Americans have endured endless hours of Gaza media coverage in the past month, from CNN’s Wolf Blitzer crawling through Hamas tunnels to live reports of rocket launches and airstrikes.
In between, spokespersons for both sides flooded the airways, each trying to formulate an argument able of convincing American viewers, already overwhelmed by news from the Middle East, to support his or her side.
But what message really works with the American audience?
Jennifer Laszlo Mizrahi and Meagan Buren, both experts in public opinion and formerly with The Israel Project, set out to find a real-time answer to this question.
As war raged in Gaza, they gathered focus groups representing different swaths of the American public. The participants, gathered in a conference room on a weekday evening, went through several hours of hearing almost every possible message about the conflict. Then, in discussions and by using a tiny dial that collected their responses, members of the focus groups rated the level of empathy they felt toward messages conveyed by Israeli, Palestinian and American officials in TV interviews. Taken together, the input from these handheld dials produced a graph depicting exactly which message worked well and which fell flat. When the line climbed beyond the halfway marker, it was a sign that the message was working well; when it dipped below, it was clearly time to abandon this line of argument.
The main takeaway, observed in all groups and across all demographics, according to Buren, was pretty simple: Americans want to hear about peace and don’t really care who started the war and why.
“Americans are much more focused on the long term and on the end goal which is ending the violence, and peace,” said Buren, president and CEO of Buren research and communications, who was the lead researcher for the project. “It’s a matter of zooming out rather than debating the day to day.”
In practical terms, this means that it’s useless to go on network TV and enter into a heated debate with a Palestinian representative over who holds the historical rights to the promised land and who is at fault for firing the first rocket or launching the first airstrike. These messages only serve to put Israel in the same pile of Middle East conflicts that Americans hear about on the news but don’t think will ever be solved. “It’s important not to be lumped into all those problems,” Buren said. “It’s important to differentiate.”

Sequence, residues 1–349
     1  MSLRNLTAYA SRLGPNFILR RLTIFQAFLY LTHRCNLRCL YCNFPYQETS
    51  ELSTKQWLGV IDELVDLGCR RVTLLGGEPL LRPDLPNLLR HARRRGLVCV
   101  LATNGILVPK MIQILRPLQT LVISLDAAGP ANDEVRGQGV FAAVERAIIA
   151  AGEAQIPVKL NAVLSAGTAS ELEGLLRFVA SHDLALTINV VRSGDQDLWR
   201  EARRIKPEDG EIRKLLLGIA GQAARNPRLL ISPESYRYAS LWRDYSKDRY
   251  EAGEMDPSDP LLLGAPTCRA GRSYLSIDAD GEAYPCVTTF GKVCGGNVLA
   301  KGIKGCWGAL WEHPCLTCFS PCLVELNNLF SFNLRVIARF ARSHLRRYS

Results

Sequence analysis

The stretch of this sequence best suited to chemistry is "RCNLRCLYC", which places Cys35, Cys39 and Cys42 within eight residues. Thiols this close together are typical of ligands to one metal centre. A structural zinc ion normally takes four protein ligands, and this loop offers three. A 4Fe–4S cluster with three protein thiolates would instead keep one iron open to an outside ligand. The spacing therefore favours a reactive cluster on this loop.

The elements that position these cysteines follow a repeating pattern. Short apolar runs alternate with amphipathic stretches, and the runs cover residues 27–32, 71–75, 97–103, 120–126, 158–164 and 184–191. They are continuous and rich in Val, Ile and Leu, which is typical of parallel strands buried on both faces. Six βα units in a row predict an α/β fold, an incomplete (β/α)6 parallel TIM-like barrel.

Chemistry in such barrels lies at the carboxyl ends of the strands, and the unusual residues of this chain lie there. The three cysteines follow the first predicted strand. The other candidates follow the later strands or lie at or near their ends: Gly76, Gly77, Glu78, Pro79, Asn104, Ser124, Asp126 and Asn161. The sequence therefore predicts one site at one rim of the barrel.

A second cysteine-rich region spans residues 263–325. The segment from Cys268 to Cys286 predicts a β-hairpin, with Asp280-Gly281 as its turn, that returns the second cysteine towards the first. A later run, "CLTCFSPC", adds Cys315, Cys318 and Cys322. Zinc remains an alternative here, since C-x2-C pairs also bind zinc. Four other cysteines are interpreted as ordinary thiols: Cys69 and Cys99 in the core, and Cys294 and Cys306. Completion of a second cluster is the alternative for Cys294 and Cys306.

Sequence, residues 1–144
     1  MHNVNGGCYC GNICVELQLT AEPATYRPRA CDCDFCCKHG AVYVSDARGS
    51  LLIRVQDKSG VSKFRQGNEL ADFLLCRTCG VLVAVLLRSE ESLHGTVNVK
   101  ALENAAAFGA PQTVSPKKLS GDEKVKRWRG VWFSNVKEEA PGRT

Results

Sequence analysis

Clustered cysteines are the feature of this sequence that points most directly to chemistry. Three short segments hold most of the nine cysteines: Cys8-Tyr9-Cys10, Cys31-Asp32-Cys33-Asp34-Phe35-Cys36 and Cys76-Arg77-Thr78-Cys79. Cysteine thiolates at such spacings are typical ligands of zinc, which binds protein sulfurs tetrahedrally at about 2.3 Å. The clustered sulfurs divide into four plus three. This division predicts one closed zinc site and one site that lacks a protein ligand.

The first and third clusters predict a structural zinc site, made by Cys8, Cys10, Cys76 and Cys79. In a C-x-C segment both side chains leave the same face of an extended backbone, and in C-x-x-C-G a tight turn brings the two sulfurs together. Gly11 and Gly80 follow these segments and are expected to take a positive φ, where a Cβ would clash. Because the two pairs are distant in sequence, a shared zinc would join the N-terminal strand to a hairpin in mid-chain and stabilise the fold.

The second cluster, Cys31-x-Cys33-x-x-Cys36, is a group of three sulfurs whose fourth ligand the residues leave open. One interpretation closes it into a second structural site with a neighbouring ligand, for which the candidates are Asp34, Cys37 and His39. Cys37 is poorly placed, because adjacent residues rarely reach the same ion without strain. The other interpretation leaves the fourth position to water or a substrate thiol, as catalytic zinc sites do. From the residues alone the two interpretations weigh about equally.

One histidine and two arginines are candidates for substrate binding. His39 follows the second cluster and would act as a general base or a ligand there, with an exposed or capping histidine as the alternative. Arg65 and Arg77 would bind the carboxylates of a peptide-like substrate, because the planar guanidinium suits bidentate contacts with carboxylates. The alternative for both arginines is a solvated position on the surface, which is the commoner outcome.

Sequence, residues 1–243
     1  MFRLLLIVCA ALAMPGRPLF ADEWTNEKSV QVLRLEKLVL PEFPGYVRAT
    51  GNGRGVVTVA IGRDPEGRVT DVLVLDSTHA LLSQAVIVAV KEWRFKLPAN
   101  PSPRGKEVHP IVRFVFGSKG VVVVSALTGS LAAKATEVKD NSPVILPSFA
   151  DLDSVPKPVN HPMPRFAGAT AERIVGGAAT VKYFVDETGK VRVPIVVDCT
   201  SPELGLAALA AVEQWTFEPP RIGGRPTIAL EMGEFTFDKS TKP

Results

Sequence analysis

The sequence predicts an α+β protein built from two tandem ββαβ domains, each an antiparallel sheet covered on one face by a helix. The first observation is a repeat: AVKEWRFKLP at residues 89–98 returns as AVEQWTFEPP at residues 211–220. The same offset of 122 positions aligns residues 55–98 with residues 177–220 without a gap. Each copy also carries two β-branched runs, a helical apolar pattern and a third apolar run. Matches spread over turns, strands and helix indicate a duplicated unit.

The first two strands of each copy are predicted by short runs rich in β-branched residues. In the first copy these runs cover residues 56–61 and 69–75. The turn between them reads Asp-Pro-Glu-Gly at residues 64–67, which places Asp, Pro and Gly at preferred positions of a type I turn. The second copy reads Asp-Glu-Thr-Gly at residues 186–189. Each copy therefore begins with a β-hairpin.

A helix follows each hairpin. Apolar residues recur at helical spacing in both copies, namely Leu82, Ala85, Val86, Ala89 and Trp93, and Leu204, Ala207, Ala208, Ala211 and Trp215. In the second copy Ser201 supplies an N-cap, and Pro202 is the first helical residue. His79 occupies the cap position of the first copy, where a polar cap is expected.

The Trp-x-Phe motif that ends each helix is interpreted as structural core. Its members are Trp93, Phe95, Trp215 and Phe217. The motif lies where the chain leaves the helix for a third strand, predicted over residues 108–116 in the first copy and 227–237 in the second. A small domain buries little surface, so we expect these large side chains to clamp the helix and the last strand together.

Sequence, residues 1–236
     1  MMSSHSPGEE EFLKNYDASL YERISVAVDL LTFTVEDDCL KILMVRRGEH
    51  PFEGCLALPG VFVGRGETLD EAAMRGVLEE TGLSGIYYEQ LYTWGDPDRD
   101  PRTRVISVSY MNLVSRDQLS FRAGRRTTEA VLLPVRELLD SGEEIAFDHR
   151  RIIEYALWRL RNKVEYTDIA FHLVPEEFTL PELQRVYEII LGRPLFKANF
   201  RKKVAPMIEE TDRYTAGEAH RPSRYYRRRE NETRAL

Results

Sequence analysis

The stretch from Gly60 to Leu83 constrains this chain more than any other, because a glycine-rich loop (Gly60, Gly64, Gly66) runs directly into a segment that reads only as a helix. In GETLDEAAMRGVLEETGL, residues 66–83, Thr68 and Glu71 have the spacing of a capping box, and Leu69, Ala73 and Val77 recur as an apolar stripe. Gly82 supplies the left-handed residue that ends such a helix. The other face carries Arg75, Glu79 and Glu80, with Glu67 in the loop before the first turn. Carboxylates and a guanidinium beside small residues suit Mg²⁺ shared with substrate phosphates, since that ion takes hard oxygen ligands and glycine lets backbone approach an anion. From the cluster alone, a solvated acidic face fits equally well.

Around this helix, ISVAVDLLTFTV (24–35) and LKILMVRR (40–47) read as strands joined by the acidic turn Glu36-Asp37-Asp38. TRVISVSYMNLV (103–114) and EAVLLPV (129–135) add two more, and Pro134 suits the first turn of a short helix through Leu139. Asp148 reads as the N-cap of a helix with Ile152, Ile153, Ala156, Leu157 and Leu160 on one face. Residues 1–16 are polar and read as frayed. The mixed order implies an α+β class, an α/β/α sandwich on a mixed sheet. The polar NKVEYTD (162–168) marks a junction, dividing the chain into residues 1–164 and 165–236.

And what makes the difference, the focus groups have shown, is demonstrating that there is hope and that Israel has a final goal of living in peace with its neighbors. “It’s about reminding Americans why we are different than Iraq and other places they hear about.”
This task has gotten all the more difficult recently, as the latest round of American-brokered peace talks has failed and there is no viable peace process on the table. Still, the researchers insist that it’s important to get out the two-state solution message even if does not seem possible in the short term.
Clinging to explanations about the past would be counterproductive.
“Explaining the conflict through the lens of a history lesson makes it sound to people like something that has been going on for a long time and will never end,” said Buren.
The only exception in which Laszlo-Mizrahi and Buren recommend pro-Israel speakers use historical references is when providing viewers and listeners with clear examples of instances in which Israel proved its desire for peace by taking concrete actions, such as the withdrawal from Sinai, from Southern Lebanon and the 2005 disengagement from Gaza. Research has shown that many Americans are unaware of the Israeli withdrawal from Gaza and that an Israeli step viewed at the time as dramatic has not made its mark on the American perception of the conflict.
Results of the focus group research were shared with American Jewish advocacy organizations and with Israeli government officials. “We want people in Israel and Americans who care about Israel to understand the importance of talking about peace for both sides,” Buren said. She said these groups and individuals were very receptive to the research results and have expressed willingness to use it in shaping their message.
Laszlo-Mizrahi and Buren now intend to conduct a wide-scale poll to add a quantitative aspect to the study.